God’s design of male and female is glorious in itself. But it has far greater glory and significance as part of the story of redemption. We will go hopelessly wrong in living out our sexuality if we look at it only in reference to “me”. However, if we can pry our eyes off of ourselves and look at the bigger story in which we live and move, then we will begin to see the full glory of what it can mean to participate, as a man of God or as woman of God, in his divine comedy.

"Christian Zeal"

by Kevin Almond, CCC Member

“’Those whom I love, I reprove and discipline, so be zealous and repent.”
-- God’s admonition to the church of the Laodiceans, Revelation 3:19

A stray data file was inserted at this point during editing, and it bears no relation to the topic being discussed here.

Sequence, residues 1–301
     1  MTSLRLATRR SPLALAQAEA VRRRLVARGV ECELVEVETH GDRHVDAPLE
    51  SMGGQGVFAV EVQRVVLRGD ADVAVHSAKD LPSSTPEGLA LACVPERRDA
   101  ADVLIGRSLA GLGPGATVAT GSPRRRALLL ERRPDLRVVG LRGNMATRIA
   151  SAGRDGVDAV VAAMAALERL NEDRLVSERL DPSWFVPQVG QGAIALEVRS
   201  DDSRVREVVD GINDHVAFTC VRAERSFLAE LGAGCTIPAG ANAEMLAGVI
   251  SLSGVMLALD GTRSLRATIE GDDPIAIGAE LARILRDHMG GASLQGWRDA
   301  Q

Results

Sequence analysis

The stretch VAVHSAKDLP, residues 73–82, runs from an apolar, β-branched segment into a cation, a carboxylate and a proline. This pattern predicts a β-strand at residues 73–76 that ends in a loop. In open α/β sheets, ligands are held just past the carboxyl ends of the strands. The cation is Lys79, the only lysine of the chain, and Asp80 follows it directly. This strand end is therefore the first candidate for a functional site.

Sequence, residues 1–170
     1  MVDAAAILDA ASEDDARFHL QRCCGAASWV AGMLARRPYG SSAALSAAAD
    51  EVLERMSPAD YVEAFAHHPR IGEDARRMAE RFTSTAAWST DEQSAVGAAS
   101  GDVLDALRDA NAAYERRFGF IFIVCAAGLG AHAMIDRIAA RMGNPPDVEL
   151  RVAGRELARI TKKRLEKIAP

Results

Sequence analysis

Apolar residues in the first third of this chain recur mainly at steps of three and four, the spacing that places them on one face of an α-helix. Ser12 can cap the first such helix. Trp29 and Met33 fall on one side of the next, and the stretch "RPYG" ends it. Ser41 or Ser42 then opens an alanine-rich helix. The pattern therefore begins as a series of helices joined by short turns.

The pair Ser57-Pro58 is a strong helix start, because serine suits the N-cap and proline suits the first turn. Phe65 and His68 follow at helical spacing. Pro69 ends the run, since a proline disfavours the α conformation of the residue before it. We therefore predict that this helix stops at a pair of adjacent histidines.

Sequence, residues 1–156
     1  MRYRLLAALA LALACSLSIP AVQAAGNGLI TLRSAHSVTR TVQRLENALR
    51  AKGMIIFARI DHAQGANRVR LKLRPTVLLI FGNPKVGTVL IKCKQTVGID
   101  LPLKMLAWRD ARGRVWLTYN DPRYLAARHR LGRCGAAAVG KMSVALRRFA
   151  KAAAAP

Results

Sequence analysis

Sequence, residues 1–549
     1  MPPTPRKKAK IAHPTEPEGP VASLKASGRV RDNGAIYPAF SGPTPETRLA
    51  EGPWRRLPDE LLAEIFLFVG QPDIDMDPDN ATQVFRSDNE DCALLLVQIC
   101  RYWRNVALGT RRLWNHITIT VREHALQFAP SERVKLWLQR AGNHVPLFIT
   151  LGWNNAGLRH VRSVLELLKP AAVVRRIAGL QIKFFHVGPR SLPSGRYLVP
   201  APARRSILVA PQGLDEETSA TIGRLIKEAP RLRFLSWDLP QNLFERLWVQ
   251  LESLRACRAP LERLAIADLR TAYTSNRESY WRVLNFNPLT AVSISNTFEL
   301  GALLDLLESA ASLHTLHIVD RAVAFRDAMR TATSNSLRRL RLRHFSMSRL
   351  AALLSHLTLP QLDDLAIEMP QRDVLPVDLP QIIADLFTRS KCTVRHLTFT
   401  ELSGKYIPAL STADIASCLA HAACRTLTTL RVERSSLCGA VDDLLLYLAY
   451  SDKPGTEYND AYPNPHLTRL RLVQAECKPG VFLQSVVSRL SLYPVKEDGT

Zealous. The word and its derivations, zeal and zealously, are lacking in today’s Christian lexicon. The above verse in Revelation is the 26th and last time it’s used in the scriptures. Its first biblical use occurs in Numbers, when God commends Phinehas for taking immediate action to end gross acts of sin by the Israelites and stopping God’s plague at 24,000 deaths, noting, “he was zealous for my sake” and “he was zealous for his God” (Numbers 25:11, 13).

Where is zeal today, individually and in the church? Is our heart a furnace that constantly burns hot for God? Is zeal a feeling… an action… both? How do we get it? How do we keep it? How would I need to live for God to say, “he was zealous for my sake… for his God?” The Puritans, who wrote much about zeal, had answers.